Supreme Court to hear free-speech case from Colorado

Written by William C. Duncan

February 25, 2022

In 2018, the U.S. Supreme Court ruled, in Masterpiece Cakeshop v. Colorado Civil Rights Commission, that the state of Colorado had violated the religious freedom of a cake decorator. The baker, Jack Phillips, had declined to make a wedding cake for a same-sex wedding because of his religious beliefs. The Civil Rights Commission had determined he was in violation of the state’s law against discrimination in providing business services.

The court took the case to determine whether the commission had violated Phillips’ constitutional rights: specifically, whether requiring him to help with the wedding infringed his rights to (1) free exercise of religion and/or (2) free speech.

When the court decided the case, the majority determined there was no need to address the free speech claim because the commissioners had demonstrated clear bias against Phillips, due to his religious beliefs, during the Colorado Civil Rights Commission’s proceedings.

That narrow ruling left a couple of constitutional questions unanswered: Without any derogatory statements by commissioners, would a requirement that the baker facilitate the wedding force him to engage in speech or to violate his religious commitments?

This week, the court announced it would be taking another Colorado case that raises one of these unanswered questions.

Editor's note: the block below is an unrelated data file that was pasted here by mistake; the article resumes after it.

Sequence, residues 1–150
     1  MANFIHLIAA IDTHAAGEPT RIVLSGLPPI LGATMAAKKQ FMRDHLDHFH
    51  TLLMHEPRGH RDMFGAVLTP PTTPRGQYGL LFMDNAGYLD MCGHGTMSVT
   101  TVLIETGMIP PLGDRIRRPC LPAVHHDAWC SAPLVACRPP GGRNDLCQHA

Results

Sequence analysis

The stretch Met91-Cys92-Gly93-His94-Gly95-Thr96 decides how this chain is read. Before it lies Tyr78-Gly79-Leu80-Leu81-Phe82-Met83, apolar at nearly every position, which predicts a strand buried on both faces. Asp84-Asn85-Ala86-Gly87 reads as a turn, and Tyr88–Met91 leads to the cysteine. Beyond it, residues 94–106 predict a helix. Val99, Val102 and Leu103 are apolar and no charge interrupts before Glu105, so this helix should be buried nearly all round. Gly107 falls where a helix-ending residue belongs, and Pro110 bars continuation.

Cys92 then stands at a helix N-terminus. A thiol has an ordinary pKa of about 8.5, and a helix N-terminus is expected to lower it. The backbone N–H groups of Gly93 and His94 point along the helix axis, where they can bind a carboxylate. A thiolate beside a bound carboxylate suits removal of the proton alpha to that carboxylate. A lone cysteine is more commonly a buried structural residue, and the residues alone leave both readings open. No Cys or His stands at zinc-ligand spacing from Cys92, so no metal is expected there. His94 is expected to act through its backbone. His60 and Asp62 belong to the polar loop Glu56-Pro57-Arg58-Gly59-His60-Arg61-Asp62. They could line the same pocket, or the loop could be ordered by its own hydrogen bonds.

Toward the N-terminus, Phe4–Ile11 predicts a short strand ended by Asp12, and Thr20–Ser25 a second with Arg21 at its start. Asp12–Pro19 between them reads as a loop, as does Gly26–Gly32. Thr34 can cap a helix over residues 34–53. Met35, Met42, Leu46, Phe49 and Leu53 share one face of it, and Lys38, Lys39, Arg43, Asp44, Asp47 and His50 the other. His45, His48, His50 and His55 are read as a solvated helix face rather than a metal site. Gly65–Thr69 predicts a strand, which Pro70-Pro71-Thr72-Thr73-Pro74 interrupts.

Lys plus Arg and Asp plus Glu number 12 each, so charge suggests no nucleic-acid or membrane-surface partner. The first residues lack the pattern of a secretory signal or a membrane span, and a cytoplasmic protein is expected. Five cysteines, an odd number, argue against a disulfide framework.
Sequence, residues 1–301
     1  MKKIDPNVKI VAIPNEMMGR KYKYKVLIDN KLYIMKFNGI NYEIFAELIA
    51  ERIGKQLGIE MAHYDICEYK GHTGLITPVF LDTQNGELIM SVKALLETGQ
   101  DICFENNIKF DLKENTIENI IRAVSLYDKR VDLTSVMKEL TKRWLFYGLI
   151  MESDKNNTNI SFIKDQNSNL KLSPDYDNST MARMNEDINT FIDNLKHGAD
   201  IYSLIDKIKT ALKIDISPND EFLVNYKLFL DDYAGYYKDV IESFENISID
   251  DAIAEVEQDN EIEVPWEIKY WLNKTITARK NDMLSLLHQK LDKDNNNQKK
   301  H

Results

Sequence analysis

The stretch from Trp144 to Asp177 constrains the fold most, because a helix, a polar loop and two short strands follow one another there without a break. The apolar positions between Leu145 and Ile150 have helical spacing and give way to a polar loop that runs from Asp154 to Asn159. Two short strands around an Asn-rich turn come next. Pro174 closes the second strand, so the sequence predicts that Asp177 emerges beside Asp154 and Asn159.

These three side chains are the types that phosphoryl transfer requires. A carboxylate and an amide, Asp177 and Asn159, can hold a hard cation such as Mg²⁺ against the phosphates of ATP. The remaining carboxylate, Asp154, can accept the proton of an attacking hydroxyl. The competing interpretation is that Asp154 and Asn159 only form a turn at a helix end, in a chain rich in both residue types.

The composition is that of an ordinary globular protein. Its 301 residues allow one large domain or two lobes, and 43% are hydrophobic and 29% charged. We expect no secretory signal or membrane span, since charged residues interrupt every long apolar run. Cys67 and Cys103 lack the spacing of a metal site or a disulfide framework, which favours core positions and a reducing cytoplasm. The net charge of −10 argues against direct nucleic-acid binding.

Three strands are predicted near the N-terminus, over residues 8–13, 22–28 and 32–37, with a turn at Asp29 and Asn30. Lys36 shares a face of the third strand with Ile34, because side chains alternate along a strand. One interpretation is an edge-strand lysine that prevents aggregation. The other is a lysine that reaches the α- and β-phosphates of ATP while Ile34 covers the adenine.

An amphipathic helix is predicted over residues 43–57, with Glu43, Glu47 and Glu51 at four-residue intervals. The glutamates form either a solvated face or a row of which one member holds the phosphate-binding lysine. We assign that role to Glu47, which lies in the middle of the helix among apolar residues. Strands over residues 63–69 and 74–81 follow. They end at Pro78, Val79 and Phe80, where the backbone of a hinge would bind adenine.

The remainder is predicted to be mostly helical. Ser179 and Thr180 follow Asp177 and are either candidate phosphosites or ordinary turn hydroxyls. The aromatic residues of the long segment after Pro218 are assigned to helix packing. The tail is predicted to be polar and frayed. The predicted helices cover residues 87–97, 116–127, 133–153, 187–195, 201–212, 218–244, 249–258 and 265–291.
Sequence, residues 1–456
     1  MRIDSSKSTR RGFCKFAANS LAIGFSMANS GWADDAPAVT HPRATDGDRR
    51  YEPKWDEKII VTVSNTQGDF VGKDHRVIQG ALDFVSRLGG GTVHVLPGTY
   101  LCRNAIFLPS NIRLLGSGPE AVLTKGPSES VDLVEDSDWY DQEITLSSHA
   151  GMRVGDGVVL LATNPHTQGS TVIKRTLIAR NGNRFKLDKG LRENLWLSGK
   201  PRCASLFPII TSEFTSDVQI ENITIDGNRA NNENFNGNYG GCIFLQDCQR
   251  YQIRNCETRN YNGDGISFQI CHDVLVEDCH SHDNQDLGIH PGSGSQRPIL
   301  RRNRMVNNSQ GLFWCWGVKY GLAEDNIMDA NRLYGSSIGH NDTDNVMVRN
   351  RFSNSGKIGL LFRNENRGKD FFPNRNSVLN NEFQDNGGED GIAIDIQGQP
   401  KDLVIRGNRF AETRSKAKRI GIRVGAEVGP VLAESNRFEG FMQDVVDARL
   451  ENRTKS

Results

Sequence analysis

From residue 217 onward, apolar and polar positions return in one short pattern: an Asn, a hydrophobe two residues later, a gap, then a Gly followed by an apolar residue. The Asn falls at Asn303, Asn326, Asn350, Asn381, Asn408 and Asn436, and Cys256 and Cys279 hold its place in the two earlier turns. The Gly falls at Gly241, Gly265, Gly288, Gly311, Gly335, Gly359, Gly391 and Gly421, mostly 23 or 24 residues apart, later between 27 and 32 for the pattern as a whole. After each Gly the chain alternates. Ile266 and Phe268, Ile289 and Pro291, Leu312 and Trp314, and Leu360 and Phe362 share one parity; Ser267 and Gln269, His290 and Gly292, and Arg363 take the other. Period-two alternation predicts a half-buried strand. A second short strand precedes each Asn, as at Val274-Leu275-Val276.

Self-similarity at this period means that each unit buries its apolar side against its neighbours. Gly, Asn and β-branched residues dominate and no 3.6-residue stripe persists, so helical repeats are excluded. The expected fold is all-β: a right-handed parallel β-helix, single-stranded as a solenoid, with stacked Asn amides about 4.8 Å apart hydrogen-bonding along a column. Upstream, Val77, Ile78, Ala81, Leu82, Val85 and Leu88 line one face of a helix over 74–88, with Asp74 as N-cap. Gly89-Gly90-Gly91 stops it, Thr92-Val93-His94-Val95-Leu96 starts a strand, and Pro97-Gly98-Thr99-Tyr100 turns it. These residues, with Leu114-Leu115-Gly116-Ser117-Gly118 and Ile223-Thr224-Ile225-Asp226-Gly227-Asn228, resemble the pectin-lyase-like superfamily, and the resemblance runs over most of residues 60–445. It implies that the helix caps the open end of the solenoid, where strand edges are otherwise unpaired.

The case involves a web designer, Lorie Smith, who wants to create wedding websites. As a SCOTUSblog analysis explains:

Because she opposes same-sex marriage on religious grounds, Smith does not want to design websites for same-sex weddings, and she wants to post a message on her own website to explain that. But a Colorado law prohibits businesses that are open to the public from discriminating against gay people or announcing their intent to do so.

Smith argued that applying the Colorado discrimination law to her business would infringe her constitutional rights. The U.S. Court of Appeals for the 10th Circuit rejected Smith’s challenge. Although the majority recognized that the creation of a website was speech, the state had a compelling interest in “protecting both the dignity interests of members of marginalized groups and their material interests in accessing the commercial marketplace.” To the majority it was not adequate for customers seeking a website for a same-sex wedding to go to another provider.

One judge dissented strongly:

No one denies Lorie Smith’s sincere religious beliefs, good faith, and her willingness to serve clients regardless of race, creed, ethnicity, or sexual orientation. But what she will not do is compromise her beliefs and produce a message at odds with them. The Constitution neither forces Ms. Smith to compromise her beliefs nor condones the government doing so. In fact, this case illustrates exactly why we have a First Amendment. Properly applied, the Constitution protects Ms. Smith from the government telling her what to say or do.

The Supreme Court announced it would address the following question in accepting this appeal: “Whether applying a public-accommodation law to compel an artist to speak or stay silent violates the Free Speech Clause of the First Amendment.”

The experience of Jack Phillips demonstrates why the court’s guidance would be helpful. As his attorneys explain, even though he won his case in 2018, a private citizen has continued to bring actions against Phillips for declining to make cakes that are at odds with Phillips’ beliefs. These continued legal complaints, and similar ones in other states, will preclude closure for individuals who are uncomfortable providing services at odds with their beliefs.

Ideally, the questions would be settled by specific legislation, where competing sets of interests could be balanced and conflicts avoided. But more likely, in the short term, the court will have to provide that direction.

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